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9 Responses to Identity Theft is Too Easy – Phishing with a Fax Number

  • Jake

    Be careful with LifeLock. Sounds like a great inexpensive identity theft protection service, but I’ve heard from others that the service may also hinder your ability to obtain your free annual credit report from annualcreditreport.com because of the fraud alert placed on your credit file by being a LifeLock member. Otherwise go for it if you suspect someone of trying to steal your identity.

  • Nick

    The LifeLock commercial where their CEO is walking around handing out his social is priceless. Definitely a good marketing ploy and judging from all of the good reviews floating around, this sounds like a solid service as well.
    Nick

  • EmilyStarbuck

    I actually did an interview with a man the other day who used to be the postmaster of AOL and is a spam expert, and he said there is a scam going around. It’s an email that looks like it’s from the IRS saying you overpaid by $37-something, and if you reply with your personal information, the money will be wired to you. Instead, they commit identity theft with your information. The man said almost nobody falls for the Nigerian scam emails anymore, but when an email looks like its from the IRS, people trust it. Pretty scary stuff. If you get an unsolicited fax or email requesting personal information, always call the company first to make sure it really was them!

  • Mo

    Here are some of the rules I usually follow when I get emails like that.

    - check the from email address. If its from a freely available domain like yahoo, gmail then its most likely a spam. I would expect any company requesting me such info to be official and send the mail thru corporate address.

    - If their are links in the email, bring the mouse pointer on the link (Do not click it) and see whats the address on the browser foot bar. see if its a legitimate and whether I have an account with that company.

    - If I find all this legit then I call the company from which I got the email and ask them if they had indeed sent an email to me and if so what is the fax number to fax back. Use that fax number.

  • Ben

    Jeremy, I know what you mean about all the companies that have our info. That’s why I signed up with an EIN instead of an SSN and used a mail box instead of my home address. My box is already flooded with junk mail, UGH!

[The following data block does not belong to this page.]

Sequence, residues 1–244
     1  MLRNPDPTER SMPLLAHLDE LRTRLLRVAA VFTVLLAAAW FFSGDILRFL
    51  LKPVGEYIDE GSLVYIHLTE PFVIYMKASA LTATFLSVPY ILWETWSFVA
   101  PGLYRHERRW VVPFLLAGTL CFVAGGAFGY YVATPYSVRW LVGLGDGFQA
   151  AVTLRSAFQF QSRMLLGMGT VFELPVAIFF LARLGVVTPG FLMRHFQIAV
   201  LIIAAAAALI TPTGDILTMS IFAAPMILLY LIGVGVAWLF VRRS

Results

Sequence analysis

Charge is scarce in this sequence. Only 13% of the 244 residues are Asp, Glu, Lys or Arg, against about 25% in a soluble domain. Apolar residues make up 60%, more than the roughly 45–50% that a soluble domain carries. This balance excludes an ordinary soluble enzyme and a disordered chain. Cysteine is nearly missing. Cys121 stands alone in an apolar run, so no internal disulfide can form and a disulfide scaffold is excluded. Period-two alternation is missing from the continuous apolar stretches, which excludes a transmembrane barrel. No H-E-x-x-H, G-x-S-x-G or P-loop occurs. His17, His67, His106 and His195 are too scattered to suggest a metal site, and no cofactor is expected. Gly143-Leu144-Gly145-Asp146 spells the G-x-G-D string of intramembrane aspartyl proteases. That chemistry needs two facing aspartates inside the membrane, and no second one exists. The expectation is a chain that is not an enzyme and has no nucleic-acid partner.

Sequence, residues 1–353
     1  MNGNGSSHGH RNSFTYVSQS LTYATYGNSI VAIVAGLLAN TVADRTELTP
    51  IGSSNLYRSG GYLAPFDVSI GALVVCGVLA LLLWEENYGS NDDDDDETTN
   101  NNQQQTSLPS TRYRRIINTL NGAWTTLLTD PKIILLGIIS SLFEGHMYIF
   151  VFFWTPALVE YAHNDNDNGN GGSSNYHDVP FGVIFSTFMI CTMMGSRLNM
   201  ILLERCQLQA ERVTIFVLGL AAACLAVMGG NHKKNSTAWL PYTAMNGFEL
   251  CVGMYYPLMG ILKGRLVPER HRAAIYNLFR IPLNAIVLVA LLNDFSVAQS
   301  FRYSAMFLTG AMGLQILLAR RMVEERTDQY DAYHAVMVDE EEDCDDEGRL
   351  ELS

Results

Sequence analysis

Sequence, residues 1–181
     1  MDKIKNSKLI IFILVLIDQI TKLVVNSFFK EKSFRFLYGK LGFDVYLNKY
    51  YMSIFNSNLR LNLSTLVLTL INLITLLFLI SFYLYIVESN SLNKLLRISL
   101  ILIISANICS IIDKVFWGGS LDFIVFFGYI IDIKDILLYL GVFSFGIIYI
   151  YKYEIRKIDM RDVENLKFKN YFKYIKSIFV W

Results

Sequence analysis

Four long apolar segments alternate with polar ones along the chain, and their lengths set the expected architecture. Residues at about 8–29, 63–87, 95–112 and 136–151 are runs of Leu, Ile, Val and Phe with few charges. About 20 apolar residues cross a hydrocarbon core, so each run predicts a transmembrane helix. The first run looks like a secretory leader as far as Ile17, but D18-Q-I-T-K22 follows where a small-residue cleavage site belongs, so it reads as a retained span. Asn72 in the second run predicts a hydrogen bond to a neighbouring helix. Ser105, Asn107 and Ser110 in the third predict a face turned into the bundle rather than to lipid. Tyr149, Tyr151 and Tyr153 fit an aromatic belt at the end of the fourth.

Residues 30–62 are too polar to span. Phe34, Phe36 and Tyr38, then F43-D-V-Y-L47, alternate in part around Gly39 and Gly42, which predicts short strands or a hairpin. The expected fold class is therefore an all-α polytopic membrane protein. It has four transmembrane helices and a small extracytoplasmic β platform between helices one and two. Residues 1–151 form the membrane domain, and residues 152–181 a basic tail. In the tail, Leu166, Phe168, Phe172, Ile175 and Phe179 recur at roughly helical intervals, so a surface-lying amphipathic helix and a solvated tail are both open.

Clever Dude, you’re obviously more clever than me : ) Good job on calling to verify before faxing, I should have done the same.

    Todd, thanks for sharing your experiences with LifeLock. I see the CEO is broadcasting his social security name all over the world in their ads so he must feel pretty confident about the service
    : )

  • Todd

    I actually use Lifelock and like their services. When you sign up they do several things on your behalf. First, they lock your credit with the three major credit companies. This means that if anyone (even me) attempts to apply for credit in my name and SSN, it is blocked, then I am immediately notified. Second, they stop the junk mail that you get from all the credit card companies. Third, they actually get credit reports sent out to you on an annual basis.

    The credit locks actually cost money for anyone to perform with the three major credit companies, and Lifelock will actually do this every three months, which is when the locks expire. So, I’ve been happy with their service and its a small price to pay to not have to worry about my identity being stolen.

  • Clever Dude

    I know the exact email you’re talking about and right before faxing it over, I did some research on the number and found it to be legit.

    I bet that these types of scams on bloggers are VERY easy because the newbies (and even the experienced) don’t want to get their money or paperwork late, and definitley don’t want to have backup withholdings taken out of our pay!

  • Jeremy

    Wow, never even thought of that type of scam. I’m always worried about online junk.

    What is really scary is the number of companies that have all my info. I doubt even half of them keep that info truly secure.